Marine heatwaves have been predicted to cause a huge loss to jobs, marine life and fish stocks, by a new University of British Columbia (UBC) study published this month. It found that there may be a 6% drop in a country’s catch, and a 77% drop in biomass for species that are fished, during these predicted periods of hot temperatures. These projections were on top of projections for long term impacts on fisheries that were already established before the study was published.
A new UBC study has predicted that further marine heatwaves will have a detrimental effect on marine life, fish stocks and millions of jobs worldwide. It found that globally, on top of projections for long term impacts on fisheries from climate change already established before the study, there may be a 6% drop in a country’s catch, causing millions to lose their jobs, and a negative long term impact on fisheries and marine life.
The model used to create the projections was based off of a worse-case scenario event of the Earth experiencing extreme high temperatures due to nothing being done to alleviate the heating of the planet. It incorporated extreme ocean temperatures in Exclusive Economic Zones, where the majority of global fish catches occur, and looked at the three areas of: (1) fish stocks; (2) the fishing industry; and (3) their dependent human communities.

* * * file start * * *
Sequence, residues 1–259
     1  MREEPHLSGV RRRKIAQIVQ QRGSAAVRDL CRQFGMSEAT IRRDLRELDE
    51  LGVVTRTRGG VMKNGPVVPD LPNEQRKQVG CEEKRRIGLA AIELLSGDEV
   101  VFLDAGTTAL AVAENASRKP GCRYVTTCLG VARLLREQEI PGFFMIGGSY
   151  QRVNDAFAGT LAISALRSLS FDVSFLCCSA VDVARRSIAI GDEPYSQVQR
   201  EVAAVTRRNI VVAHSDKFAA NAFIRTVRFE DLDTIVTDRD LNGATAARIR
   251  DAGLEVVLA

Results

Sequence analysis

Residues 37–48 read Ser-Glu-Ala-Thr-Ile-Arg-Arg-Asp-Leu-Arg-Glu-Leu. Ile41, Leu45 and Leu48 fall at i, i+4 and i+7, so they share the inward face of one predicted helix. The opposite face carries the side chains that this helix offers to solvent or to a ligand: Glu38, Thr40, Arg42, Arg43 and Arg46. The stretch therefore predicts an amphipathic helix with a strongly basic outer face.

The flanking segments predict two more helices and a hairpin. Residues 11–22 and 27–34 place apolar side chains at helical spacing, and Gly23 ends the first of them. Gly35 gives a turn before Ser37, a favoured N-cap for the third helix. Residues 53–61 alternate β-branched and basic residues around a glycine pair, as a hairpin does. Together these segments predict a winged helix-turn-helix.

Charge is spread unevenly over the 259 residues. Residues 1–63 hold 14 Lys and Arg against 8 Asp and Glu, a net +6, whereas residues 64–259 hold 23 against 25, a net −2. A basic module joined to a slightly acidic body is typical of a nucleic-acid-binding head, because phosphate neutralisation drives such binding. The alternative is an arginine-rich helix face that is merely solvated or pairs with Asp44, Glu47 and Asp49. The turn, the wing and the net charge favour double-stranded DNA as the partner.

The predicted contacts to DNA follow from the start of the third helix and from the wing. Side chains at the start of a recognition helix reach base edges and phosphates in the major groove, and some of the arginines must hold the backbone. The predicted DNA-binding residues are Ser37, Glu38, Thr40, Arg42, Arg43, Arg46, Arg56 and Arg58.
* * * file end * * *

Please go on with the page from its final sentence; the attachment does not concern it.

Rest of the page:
It created predictions of a 6% drop in a country’s catch, with 77% of species that are fished set to decrease in their biomass (population and weight) during these predicted periods of hot temperatures. These projections are not limited to North America, as they have predicted this to happen on a global scale, affecting the fishing industries in South Asia, Southeast Asia, the Pacific Islands, the Pacific Coast of the Americas and some countries in West Africa.
“These extreme annual temperatures will be an additional shock to an overloaded system,” said lead author Dr. William Cheung, professor and director of UBC’s Institute for the Oceans and Fisheries (IOF). “We see that in the countries where fisheries are already weakened by long-term changes, like ocean warming and deoxygenation, adding the shock of temperature extremes will exacerbate the impacts to a point that will likely exceed the capacity for these fisheries to adapt. It’s not unlike how COVID-19 stresses the healthcare system by adding an extra burden.”